Trip Planning for Lionhead Range

as of 5:00 am
Feb 111″ | 15-40 W
Feb 10 0″ | 10-30 W
Feb 9 0″ | 10-30 W
8775′  04/03 at 10:08
23℉
SW - 7mph
Gusts 10mph
7750′   06/28 at 19:00
66℉
0″ Depth
Bottom Line:

Past 5 Days

Tue Feb 8

Low
Wed Feb 9

Low
Thu Feb 10

Low
Fri Feb 11

Low
Thu Apr 21

None

Relevant Avalanche Activity

Lionhead Range
Lionhead Ridge
Small Snowmobile Triggered Avalanche
Incident details include images
Lionhead Ridge
SS-AMu-R1-D1-I
Coordinates: 44.7145, -111.3180
Caught: 0 ; Buried: 0

From obs: "Today I watched as a sledder dropped a cornice causing the cornice to fall triggering an
avalanche chasing him down the hill. The snowpack consisted of a wind slab on top of near-surface
facets and a couple of buried layers of surface hoar ."


More Avalanche Details
Lionhead Range
Ski Hill
Fatal Avalanche Ski Hill
Incident details include images
Incident details contain video
Ski Hill
SS-AMu-R1-D2-O
Elevation: 8,100
Aspect: E
Coordinates: 44.7016, -111.2930
Caught: 1 ; Buried: 1; Killed: 1

On Sunday, one snowmobiler in a group of four was caught and killed in a small avalanche on Ski Hill at the south end of Lionhead Ridge. He was on a 45-degree slope when it released and partially buried him against a tree. The slide was only 4"-11" deep, 75 feet wide and ran 300 feet vertical. His head was a foot under the snow. The avalanche was not witnessed and the victim was buried an estimated 15-25 minutes before he was uncovered. Rescue efforts were not successful. The group was familiar with the area and had rescue gear. The shallow, steep slide ended in trees, a terrain trap . Our deepest condolences go out to the family and friends of the rider.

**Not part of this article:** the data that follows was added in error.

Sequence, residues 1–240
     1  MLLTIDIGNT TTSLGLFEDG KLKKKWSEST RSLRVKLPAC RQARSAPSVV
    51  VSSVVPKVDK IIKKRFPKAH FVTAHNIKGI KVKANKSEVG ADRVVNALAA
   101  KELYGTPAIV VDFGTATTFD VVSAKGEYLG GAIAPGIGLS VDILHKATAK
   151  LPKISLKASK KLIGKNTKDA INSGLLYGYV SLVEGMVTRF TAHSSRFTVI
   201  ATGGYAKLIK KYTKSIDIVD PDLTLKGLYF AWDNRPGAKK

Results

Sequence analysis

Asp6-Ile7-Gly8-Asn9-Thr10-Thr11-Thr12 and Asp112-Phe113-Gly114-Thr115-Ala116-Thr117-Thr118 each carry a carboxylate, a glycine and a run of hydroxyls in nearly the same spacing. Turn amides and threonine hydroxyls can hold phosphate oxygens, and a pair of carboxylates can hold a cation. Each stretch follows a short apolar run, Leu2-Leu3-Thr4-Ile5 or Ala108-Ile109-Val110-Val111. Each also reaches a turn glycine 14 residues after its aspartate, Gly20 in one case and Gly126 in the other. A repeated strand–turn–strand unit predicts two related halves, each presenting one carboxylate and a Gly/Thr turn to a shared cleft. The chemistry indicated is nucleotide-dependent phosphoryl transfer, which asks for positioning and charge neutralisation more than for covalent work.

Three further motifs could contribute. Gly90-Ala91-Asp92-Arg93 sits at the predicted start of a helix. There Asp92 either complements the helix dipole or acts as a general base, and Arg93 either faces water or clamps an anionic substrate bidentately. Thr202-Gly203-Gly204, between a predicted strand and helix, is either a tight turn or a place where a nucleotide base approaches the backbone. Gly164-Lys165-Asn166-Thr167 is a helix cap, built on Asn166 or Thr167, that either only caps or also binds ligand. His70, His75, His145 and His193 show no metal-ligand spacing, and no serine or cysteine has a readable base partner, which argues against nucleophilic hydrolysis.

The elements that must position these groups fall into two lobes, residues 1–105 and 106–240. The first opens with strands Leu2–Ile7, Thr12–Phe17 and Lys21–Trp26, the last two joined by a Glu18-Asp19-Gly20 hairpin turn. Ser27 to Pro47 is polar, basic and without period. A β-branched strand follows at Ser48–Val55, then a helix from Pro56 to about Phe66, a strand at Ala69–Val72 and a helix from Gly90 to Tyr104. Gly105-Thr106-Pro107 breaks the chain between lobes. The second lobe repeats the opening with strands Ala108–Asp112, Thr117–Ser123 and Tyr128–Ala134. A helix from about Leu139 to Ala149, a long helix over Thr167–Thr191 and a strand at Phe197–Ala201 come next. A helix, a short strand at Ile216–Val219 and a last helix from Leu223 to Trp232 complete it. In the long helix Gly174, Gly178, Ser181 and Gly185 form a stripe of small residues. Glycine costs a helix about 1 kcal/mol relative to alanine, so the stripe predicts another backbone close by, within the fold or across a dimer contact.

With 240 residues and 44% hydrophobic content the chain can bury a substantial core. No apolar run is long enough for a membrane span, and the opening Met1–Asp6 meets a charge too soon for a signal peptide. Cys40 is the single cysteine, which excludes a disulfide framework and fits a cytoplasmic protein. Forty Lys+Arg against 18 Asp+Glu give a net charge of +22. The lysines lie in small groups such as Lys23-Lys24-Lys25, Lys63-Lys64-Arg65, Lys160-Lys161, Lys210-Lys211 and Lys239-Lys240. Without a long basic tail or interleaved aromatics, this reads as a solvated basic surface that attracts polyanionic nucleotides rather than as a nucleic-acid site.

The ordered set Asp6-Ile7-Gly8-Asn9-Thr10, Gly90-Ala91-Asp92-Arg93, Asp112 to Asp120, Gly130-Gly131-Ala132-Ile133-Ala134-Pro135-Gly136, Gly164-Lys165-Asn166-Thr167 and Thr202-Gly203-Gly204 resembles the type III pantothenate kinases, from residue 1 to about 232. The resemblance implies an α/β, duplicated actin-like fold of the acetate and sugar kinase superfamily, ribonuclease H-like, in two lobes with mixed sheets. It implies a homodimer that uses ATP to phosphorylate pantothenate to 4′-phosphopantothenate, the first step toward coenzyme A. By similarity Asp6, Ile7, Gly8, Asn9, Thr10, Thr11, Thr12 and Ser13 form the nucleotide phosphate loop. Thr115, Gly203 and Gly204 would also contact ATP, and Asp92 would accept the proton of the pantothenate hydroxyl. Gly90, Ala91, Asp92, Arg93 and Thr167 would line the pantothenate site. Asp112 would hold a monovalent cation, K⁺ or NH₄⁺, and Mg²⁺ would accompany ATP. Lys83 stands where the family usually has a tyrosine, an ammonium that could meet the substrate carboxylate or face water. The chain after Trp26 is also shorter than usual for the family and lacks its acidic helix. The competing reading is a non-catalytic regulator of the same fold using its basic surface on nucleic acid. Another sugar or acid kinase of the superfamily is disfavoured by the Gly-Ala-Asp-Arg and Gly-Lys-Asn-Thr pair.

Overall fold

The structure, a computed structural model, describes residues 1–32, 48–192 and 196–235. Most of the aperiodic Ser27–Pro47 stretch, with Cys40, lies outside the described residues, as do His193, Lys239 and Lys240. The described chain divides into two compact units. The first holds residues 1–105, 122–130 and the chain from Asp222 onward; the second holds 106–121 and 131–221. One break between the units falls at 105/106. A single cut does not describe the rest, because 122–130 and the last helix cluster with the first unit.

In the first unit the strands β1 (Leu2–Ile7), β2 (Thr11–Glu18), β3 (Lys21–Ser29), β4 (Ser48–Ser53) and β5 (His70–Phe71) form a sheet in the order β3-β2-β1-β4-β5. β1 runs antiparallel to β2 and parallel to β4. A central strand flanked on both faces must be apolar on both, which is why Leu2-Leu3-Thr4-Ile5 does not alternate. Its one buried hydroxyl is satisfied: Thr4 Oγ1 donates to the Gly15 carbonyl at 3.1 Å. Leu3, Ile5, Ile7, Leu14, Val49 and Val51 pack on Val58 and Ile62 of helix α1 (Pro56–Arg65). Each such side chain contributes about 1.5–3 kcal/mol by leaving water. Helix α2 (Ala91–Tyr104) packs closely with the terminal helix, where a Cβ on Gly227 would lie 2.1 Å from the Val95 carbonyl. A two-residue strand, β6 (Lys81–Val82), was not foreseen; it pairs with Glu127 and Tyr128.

A detailed report can be read here.

 


More Avalanche Details
Cooke City
Goose Lake
Partial Burial on Sawtooth Mountain near Goose Lake
Incident details include images
Goose Lake
SS-ASu-R2-D2-O
Elevation: 10,800
Aspect: SE
Coordinates: 45.1437, -109.9040
Caught: 1 ; Buried: 1; Killed: 0

This morning while ascending a line on Sawtooth Mountain (Lower Novocain) we triggered an avalanche (ASu-SS-R2-D2-O)  that caught and carried my partner an estimated 180M and partially buried him. His leg and hand were unburied and excavation of the head was done in less than 2 minutes of the incident. The avalanche only involved new snow from the last 48hrs and was triggered on a MF crust/facet combo 30cm down(formed 1/30/22). The avalanche was 30cm at its deepest and 20-30M wide and ran 250M. We were lucky to find both skis and poles a little ways downslope. No injuries were sustained.